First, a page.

The new French left must unite behind a fresh vision

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The writer is a professor at MIT and College de France and winner of the Nobel Prize in Economics

On July 7, France will enter a new political era, regardless of the outcome of the polls. Either the Rassemblement National (RN) and its allies will have enough seats to get an absolute majority or — if a hastily reinvented “Republican Front” holds — it will be kept out of power for now, but there won’t be any coherent majority.

If the second scenario comes to pass, credit will be due the left, which, in a matter of days after the election was called, managed to unite all the way from the populist fringe to the centre-left, marginalising in the process the veteran far left leader, Jean-Luc Mélenchon, a divisive figure who is the right’s favourite scarecrow.

It’s anyone’s guess why President Emmanuel Macron decided to call a snap election on the heels of his party’s crushing defeat in the European ones. But one possibility is that it was a gamble for revival of his “extreme centrism” brand. For a process of unifying a wide-ranging left, excluding its most sulphurous members and including some of the left wing of his own coalition, was apparently right around the corner. And on the other side, the RN is quietly dropping the pro-poor elements of its manifesto, morphing into a more acceptable to business political force which brings in the votes with its authoritarian, xenophobic rhetoric. An analysis of its programme shows that the losers are mostly the poor, while the winners are mostly the rich. With the 2027 presidential election in sight, the French political landscape is slowly rearranging itself along the traditional left-right axis.

Whatever happens on Sunday, it will be incumbent on the left to continue consolidating its forces and offer a credible alternative to the RN. The economic platform that this coalition put together was criticised by many economists for being unrealistic and harmful, and it certainly had its share of contestable ideas. But this criticism misses the point. The platform was put together in a matter of days and with the left very unlikely to get an absolute majority it was never going to be implemented in full anyway, although it laid down important core ideas. The real work should start now.

Seven years of Macron but also five years of Socialist president François Hollande (under whom he was economy minister) have shown that whatever it is that the centrist politicians, always intent on demonstrating their reasonableness, keep on offering is now a losing proposition for most French voters. In 2022, it was largely the better off who voted for Macron and his party. The urban poor and the middle class mostly went for the left, and the rural poor and middle class for the RN. In 2024, the wealthier French started to peel off to the RN as well.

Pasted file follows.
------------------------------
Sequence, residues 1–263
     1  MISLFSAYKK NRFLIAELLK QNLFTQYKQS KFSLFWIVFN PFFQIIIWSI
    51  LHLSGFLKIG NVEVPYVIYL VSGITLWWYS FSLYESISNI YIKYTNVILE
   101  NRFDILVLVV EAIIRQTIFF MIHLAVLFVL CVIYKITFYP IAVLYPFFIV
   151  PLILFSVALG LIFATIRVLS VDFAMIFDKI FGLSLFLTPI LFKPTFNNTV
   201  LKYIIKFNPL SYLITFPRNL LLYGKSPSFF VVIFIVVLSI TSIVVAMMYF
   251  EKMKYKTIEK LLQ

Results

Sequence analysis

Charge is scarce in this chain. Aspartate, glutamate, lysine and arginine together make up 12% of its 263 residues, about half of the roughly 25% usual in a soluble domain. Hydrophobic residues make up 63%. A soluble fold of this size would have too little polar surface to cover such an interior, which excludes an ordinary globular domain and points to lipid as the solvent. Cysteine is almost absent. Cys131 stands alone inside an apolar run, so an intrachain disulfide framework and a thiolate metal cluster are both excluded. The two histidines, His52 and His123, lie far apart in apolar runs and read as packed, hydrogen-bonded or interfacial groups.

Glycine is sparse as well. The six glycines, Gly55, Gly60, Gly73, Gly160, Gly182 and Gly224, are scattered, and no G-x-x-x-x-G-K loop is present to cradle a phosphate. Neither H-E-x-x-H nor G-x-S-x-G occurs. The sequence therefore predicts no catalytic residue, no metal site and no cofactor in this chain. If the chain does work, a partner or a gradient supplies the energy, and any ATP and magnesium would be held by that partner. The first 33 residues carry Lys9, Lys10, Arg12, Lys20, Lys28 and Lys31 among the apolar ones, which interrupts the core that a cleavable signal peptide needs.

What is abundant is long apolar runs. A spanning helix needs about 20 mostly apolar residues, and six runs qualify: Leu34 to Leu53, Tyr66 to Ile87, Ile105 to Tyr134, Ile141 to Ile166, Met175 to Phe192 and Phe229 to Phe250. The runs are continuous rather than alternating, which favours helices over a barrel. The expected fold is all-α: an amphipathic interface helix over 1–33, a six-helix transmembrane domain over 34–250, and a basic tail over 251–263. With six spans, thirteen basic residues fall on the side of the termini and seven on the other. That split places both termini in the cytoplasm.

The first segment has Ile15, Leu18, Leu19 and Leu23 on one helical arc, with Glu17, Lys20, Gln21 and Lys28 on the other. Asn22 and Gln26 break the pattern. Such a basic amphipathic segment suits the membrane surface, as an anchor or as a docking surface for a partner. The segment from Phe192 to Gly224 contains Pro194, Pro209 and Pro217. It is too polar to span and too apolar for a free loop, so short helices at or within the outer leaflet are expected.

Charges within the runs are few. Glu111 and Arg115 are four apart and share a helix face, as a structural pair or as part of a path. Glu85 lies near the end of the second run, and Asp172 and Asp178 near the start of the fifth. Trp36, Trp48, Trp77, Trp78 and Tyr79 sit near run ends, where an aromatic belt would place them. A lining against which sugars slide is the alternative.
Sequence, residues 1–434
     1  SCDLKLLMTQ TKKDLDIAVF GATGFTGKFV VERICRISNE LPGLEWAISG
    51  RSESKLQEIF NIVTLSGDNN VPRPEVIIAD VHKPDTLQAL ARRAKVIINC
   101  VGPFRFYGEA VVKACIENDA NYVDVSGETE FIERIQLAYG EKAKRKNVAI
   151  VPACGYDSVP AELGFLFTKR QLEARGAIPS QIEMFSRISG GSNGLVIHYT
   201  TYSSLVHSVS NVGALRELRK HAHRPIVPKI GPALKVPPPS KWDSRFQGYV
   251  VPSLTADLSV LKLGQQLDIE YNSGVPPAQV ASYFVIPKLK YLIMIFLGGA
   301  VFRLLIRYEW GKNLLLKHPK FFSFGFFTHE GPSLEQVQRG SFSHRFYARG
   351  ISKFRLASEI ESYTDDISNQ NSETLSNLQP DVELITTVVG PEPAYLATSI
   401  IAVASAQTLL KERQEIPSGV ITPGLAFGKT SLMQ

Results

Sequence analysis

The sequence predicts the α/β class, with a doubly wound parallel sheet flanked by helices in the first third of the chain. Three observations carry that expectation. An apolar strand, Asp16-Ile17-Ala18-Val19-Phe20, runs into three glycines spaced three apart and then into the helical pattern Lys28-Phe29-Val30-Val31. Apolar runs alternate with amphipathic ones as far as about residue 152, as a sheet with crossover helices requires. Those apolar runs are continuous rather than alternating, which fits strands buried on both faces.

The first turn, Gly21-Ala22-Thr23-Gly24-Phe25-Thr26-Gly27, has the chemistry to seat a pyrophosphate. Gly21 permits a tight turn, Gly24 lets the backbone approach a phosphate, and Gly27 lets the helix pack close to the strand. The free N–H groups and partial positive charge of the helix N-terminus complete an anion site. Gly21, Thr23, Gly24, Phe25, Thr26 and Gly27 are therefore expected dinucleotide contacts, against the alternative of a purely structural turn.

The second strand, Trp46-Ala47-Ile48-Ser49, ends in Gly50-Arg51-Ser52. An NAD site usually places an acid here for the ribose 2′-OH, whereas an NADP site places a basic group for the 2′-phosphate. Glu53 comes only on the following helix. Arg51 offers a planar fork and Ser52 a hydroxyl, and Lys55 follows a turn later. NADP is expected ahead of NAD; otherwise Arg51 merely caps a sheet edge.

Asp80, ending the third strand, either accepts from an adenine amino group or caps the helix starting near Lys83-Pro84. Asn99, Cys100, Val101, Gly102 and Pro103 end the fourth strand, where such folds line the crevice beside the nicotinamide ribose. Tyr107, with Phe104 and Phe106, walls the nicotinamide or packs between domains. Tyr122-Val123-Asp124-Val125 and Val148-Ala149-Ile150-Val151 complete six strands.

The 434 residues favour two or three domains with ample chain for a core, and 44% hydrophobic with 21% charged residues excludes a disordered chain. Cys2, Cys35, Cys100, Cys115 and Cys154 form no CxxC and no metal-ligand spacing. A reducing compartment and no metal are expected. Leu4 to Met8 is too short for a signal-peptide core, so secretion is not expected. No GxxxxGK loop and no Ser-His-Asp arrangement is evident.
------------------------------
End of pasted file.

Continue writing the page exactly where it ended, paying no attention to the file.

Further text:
The Macron project failed because, while it used the language of reason and competence to justify its reforms as necessary technocratic changes that were beneficial to everyone, they were often neither backed by science nor particularly fair.

To take just one example, it is obvious that the French pensions system needs reform. It is a hotchpotch of different regimes, leading to Kafkaesque situations for people who change jobs, and it is not sustainable over the long run. But the Macron pension reform addressed none of the structural issues (unlike a previous attempt abandoned during his first term). It was also regressive and in the end it had too many exemptions to save significant amounts of money. No wonder it faced massive opposition.

The rejection of the liberal democratic standard bearers is not a moment of French exceptionalism. The UK got Brexit, the US Trump, Hungary Orbán. Everywhere political elites have been repeating that prosperity is around the corner if people will only tighten their belt a little longer, while inequality increased and standards of living stagnated for almost all but the very rich. Trust in government has been steadily falling in most OECD countries for years. The recent downgrading of the French credit rating, and the “discovery” that revenue forecasts were way off, made it all too easy for the RN to put the final nail in the coffin of the image of a competent Macron government.

Nobody believes in “win win” solutions any more. To replace this illusion, the RN is offering a programme where immigrants and the poorest lose. This is seductive to those who have little and fear losing ground. To fend this dark vision off, a very broad-based left must come up with another one. One which combines production, redistribution and protection of the environment; that promotes respect and dignity of all people; that has the courage to lead the way on the big projects that France, Europe and the world need. Chief among them: fiscal reform, a just green transition, and a way to distribute the gains of growth in a more equitable way to all.

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